I'd like you to meet Australia's Dumbest Smart Person
No, not me, I am of course talking about Dr Karl Kruszelnicki
He's a bit of a... well as the website says a "Science Guru" & a Legend in the media world often being called upon by the networks to enlighten us uNejimAcaTedS.
He's actually pretty good in the way he can bring mundane Science articles to the mainstream & make them interesting for the "low brows", although sadly he's joined the ranks of the socialists promoting the 21st Century Farting Cows & SUV causing Global warming Scam.
And apparently he has a phenomenal memory for facts & figures, well maybe for science junk.........
"Dr Karl" for me best demonstrates how even the most Brilliant minds can be completely DUPED by the Holohoax, what makes it worse perhaps is that the Dupers, Duping the Dupee were is own Parents!!!
Yup, Mr Critical analysts Mind got Duped into believing a concocted Holohoax sob story by his own folks.
visit this site, however ignore the summarized transcript, as typical of reporting today, it's totally ballsed up!
Better to skip to the Audio clip
Listen to the down loadable mp3 Audio clip
Here : http://www.abc.net.au/reslib/200611/r115455_364656.mp3
Trust me, it's good talks about the "Gas Chambers" & "Elevators" at Sachsenhausen "Extermination Camp" & How his mother survived Auschwitz because doas naSty JerMans wan outta "Killen Gaz"[/url]
Science guru Dr Karl Kruszelnicki
Monday, November 13, 2006
Dr Karl Kruszelnicki is well known for his abounding enthusiasm for science - what's less well known is the details of his incredible life outside his media career as a science guru. Before he became a medical doctor, Dr Karl worked as - amongst other things - a mechanic, a roadie (for people like Bo Diddley and Chuck Berr), a steel worker and a film-maker. In 1995 he took up the position of the Julius Sumner Miller Fellow at Sydney University, spreading the good word about science and its benefits. He' written 20 books about science, in 2003, he was Australia's Father of the Year - but maybe his real claim to fame is that his great-great-aunt single-handedly resuscitated Puccini's Madame Butterfly.
Dr Karl's great-great-aunt was a famous soprano of the time. Puccini did Madame Butterfly. He performed it at La Scala.. It was a flop. He then holed up at an hotel with my aunt...Salomea Kruszelnicka, who was one of the three top sopranos of that time. He re-wrote it for her voice - she then performed it... They couldn't get La Scala, it was just too much of a flop and they wouldn't risk it, so they went to a little theatre and all of the critics were there ready to stab knives into him and it was a great success! Apparently Toscani wanted to crack on to her, but she knocked him back," Dr Karl says gleefully.
Both Dr Karl's parents spent time in concentration camps during the second World War. His father ended up in a concentration camp because he was smuggling Jews out of Poland. "He was involved with fighting Hitler," Dr Karl explains. "[He] retreated into Russia, got picked up by the Russian secret service and thrown into a Russian concentration camp because of bad things he'd said about communism... then when Germany declared war on Russia they bombed the concentration camp and he escaped."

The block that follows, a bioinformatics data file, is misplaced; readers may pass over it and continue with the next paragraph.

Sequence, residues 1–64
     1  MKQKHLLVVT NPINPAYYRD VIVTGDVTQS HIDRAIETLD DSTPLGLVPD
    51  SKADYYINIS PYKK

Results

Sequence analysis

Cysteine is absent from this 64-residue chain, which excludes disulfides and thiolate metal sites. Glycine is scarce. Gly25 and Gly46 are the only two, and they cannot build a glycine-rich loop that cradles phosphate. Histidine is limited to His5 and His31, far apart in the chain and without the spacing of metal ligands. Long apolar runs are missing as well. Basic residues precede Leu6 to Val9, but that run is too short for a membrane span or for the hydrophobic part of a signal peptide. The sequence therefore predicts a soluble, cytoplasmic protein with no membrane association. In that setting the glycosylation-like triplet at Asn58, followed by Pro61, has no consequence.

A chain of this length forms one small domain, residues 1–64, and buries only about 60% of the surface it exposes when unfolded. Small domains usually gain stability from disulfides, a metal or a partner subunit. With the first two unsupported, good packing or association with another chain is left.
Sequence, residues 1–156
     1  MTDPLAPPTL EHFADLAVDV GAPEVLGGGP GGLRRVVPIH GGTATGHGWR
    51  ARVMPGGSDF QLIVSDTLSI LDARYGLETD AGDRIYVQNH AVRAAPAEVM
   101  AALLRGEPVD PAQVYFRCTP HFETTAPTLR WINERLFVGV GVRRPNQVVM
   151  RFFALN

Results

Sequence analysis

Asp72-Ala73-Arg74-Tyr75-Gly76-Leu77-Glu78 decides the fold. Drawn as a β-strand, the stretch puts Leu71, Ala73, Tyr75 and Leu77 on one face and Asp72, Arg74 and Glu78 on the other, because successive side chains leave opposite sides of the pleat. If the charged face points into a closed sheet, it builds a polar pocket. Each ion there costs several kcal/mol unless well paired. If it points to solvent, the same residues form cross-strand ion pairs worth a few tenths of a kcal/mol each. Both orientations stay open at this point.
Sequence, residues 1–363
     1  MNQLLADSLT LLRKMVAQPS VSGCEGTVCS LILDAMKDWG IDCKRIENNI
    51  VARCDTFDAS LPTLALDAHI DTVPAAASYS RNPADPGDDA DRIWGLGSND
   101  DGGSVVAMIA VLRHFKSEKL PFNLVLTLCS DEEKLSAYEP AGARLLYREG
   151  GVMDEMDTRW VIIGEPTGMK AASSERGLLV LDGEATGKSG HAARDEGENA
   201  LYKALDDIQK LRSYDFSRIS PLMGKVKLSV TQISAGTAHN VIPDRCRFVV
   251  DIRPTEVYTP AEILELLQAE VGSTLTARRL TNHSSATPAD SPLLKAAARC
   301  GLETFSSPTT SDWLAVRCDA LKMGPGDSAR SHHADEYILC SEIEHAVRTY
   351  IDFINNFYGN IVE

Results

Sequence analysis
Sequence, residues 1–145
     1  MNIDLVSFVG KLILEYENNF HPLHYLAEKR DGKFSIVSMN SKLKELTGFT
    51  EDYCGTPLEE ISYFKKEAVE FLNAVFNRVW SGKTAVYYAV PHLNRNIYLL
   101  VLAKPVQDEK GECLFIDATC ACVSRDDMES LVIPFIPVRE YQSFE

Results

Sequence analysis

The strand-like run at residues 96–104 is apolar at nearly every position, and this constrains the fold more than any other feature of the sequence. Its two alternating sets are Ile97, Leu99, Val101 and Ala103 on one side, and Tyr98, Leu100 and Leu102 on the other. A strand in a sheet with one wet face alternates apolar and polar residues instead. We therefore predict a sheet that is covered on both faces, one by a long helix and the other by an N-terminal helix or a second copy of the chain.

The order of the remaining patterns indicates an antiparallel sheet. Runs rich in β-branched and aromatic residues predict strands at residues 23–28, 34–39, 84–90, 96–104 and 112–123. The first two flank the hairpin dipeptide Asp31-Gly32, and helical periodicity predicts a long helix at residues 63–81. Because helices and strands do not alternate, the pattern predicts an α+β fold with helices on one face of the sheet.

His father had to do terrible things in the camp. "My father, being big and strong, ended up on the dead body patrol. He'd go into the ovens, after the Jews had been gassed to death and pick them up on his shoulders and carry them to a lift where they'd be dumped... They'd go up in the lift, then somebody else would pick them up and burn them."
Dr Karl's mother was in Auschwitz. "She survived only because they ran out of the killer gas... Suddenly the killing stopped, and one or two days later the Nazi guards just vanished."
She kept her terrible history a secret from Dr Karl. "She kept it hidden, because the scarring must be terrible, that it does to people's brains. It makes them different. My father was an optimist though. If you're an optimist, you survive better... My father had the numbers, my mother didn't - I don't know why she didn't... She would never tell until the last years of her life when she began to dement and in her moments of lucidity would tell me these terrible stories. I felt saddened that she couldn't tell me but I could understand why not."
Dr Karl's media career began in 1981, when he started presenting 'Great Moments In Science ' on Double J to pay his way through medical school, but he's been fascinated by science since he was a child. "I remember reading a book as a kid - an astronomy book - and I'm flipping through the pages [thinking] hey, isn't Australia big? Wow! Isn't the earth big? The solar system... I've always had that sense of awe and wonder how scientists are always discovering new stuff."
However, he believes it's important to remember that scientists are fallible - and that's nothing to be ashamed of. "Every scientific journal has a corrections column and every week or month, they'll point out the mistakes they made last month. Do politicians ever say, 'Oh look, by the way, three months ago I made a mistake when I said that?'... Scientists cheerfully admit what mistakes they've made... Making mistakes is no big deal - if you don't make a mistake. you don't make anything."